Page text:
Simulations of magnetically confined plasmas reveal a self-regulating stabilizing mechanism

June 4, 2018, US Department of Energy
Helical plasma flow in the core of a tokamak in a nonlinear simulation. Red depicts positive values and blue depicts negative values of the poloidal velocity stream function. The black arrows illustrate the direction of the plasma flow within a toroidal cross section. (Figure shows a quarter of the torus.) Credit: US Department of Energy

The hot ionized gas called a plasma is confined in a bagel-shaped tokamak by a strong magnetic field, part of which is generated by a strong electric current flowing through the plasma. Periodically, a sawtooth instability occurs. It causes the central plasma temperature to abruptly drop and then recover in a sawtooth pattern. The instability limits how much current can be concentrated in the center of the plasma. However, there are types of tokamak plasmas for which a previously unknown mechanism, called magnetic flux pumping, limits the current in the plasma center so that it stays just below the sawtooth threshold. Scientists were puzzled by how this self-regulating mechanism works. The results of highly complex numerical simulations now suggest a possible answer.

The sawtooth instability can trigger other issues that lead to the deterioration or even loss of plasma confinement. Thus, hybrid scenarios in which pumping prevents the sawtooth instability are of interest. This is especially true for future large-scale fusion experiments, such as ITER. To extrapolate the accessibility and properties of hybrid scenarios to ITER, it is essential to understand the physics behind magnetic pumping. With the help of elaborate simulations, scientists are now able to find a possible explanation for this phenomenon.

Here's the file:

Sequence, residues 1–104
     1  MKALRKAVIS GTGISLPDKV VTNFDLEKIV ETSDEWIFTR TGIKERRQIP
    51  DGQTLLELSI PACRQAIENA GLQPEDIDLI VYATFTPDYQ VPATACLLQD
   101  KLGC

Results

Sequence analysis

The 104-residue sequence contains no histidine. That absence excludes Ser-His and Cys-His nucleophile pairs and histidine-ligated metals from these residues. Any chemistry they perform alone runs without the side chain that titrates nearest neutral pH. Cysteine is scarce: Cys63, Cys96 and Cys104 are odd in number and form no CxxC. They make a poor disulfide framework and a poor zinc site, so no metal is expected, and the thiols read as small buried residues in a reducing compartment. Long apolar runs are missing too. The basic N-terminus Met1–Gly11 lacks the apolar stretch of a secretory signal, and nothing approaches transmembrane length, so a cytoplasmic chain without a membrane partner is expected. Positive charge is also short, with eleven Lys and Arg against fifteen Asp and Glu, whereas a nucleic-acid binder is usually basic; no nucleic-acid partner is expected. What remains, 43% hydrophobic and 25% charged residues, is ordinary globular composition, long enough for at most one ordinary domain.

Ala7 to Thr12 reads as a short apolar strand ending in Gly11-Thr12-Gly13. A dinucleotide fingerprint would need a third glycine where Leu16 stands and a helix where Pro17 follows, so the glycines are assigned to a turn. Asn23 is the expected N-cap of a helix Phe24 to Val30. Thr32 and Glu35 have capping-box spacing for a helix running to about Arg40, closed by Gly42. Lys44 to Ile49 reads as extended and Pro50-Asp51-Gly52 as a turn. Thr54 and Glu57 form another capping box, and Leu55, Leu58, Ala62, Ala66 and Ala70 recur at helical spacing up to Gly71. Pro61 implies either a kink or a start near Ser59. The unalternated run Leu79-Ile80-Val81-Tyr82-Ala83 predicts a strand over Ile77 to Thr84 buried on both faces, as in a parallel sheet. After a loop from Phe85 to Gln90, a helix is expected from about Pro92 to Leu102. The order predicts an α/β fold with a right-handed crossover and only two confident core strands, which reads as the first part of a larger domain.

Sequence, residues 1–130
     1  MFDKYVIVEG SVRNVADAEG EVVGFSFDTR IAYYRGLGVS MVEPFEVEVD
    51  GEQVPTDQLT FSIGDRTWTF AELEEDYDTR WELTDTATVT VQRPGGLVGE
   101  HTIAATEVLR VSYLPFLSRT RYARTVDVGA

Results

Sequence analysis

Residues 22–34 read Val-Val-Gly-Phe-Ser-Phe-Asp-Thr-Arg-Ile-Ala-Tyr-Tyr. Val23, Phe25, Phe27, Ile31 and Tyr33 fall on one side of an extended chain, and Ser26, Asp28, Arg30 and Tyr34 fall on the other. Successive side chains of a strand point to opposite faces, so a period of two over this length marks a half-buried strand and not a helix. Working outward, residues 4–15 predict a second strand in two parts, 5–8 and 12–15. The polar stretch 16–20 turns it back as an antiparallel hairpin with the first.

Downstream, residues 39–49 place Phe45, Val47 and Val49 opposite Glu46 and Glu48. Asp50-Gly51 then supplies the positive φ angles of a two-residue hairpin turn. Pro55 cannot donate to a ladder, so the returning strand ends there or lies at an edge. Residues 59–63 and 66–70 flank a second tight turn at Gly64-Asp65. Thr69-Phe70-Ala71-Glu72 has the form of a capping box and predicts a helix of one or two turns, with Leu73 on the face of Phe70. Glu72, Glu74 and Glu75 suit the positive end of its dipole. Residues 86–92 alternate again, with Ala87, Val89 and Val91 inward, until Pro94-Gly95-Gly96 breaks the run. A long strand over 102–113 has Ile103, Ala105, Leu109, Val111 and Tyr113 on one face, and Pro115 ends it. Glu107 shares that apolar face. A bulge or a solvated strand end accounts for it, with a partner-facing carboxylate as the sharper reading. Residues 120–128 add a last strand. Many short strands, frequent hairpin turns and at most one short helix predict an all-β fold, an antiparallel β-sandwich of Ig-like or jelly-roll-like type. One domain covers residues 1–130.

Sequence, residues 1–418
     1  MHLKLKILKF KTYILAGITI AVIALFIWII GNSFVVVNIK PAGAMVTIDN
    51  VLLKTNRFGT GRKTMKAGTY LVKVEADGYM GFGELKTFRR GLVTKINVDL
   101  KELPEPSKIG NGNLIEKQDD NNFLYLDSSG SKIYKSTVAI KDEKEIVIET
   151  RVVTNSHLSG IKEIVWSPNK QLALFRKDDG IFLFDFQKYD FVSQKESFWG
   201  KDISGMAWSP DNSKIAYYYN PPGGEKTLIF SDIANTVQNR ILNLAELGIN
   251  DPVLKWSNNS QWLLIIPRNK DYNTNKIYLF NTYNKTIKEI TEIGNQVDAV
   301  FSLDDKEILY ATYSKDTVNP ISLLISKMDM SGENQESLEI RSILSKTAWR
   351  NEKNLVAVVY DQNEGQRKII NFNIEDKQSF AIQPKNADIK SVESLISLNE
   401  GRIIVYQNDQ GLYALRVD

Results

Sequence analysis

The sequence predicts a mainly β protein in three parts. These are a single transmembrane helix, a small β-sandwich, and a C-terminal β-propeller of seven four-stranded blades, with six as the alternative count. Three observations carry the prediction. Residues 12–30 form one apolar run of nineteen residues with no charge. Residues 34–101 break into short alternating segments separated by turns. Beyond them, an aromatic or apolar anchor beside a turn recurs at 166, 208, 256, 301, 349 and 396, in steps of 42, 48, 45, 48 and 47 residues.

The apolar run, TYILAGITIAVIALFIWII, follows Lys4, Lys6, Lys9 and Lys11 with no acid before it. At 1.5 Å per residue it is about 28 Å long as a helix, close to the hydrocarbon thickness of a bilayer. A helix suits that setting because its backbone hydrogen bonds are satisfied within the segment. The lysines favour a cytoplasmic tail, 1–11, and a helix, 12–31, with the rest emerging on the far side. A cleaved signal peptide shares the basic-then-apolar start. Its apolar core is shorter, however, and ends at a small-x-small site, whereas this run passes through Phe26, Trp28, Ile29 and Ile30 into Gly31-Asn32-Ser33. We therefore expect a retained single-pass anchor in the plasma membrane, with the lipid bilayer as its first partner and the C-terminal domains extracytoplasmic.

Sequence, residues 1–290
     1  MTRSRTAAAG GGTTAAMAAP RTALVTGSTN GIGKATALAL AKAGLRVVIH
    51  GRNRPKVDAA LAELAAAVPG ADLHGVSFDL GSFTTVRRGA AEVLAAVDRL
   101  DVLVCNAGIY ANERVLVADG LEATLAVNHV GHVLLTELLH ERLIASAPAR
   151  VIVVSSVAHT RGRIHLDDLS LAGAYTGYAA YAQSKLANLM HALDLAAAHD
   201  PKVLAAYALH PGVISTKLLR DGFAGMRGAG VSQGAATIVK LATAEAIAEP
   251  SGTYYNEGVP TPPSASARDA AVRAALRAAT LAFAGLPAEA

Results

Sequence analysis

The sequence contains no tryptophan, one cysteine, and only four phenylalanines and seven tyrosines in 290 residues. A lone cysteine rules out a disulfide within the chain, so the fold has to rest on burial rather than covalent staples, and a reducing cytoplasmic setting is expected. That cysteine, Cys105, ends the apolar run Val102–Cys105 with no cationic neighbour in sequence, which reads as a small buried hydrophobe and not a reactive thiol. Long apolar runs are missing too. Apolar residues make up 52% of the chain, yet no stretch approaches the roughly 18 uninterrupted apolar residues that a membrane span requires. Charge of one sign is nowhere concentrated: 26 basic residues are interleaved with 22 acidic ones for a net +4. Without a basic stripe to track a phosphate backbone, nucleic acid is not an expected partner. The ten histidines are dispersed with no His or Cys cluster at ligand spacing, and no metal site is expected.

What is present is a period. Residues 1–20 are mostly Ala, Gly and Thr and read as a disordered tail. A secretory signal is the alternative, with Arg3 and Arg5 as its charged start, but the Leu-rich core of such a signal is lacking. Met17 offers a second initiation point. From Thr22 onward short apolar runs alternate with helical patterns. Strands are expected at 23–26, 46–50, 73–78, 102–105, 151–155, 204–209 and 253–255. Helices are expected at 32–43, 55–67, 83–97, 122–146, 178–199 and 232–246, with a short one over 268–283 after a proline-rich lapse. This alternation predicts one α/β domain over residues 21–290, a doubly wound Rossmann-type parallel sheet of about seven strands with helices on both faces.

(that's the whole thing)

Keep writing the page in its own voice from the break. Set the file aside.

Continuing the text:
The mechanism behind the magnetic flux pumping in the works as follows: if the central current profile is flat and if the central plasma pressure is sufficiently high, a quasi-interchange mode develops in the plasma's core. The quasi-interchange mode generates a large-scale helical flow of plasma that—almost like a mixer—constantly stirs the central plasma. At the same time, the magnetic field in the plasma core is deformed.

This is where a dynamo effect comes in. The dynamo effect plays an important role for many astrophysical phenomena as well as for the mechanism that maintains the Earth's magnetic field. It describes how a particularly swirly movement of an electrically conducting fluid can reinforce an existing magnetic field. In the case of the Earth's magnetic , the fluid is the liquid part of the Earth's iron core. In the case of the hybrid tokamak scenario, the fluid is the hot plasma in the center of the tokamak. In the latter case, it is through a dynamo effect that the helical plasma flow and the helical deformation of the combine to give a negative voltage that keeps the central current flat. By keeping the current in the center flat, the sawtooth instability is prevented.

The numerical simulations also explain how this magnetic flux pumping regulates itself: The quasi-interchange mode is known to work best if the central current is at a certain threshold—which coincides with the threshold for the sawtooth instability. Whenever the flux pumping mechanism becomes too strong, it weakens the quasi-interchange mode and therefore its own drive. This is how the strength of the flux pumping is limited so that it keeps the central current just below the threshold for the sawtooth .

Explore further: Eliminating small instabilities in tokamaks before they become disruptions

More information: S. C. Jardin et al. Self-Organized Stationary States of Tokamaks, Physical Review Letters (2015). DOI: 10.1103/PhysRevLett.115.215001

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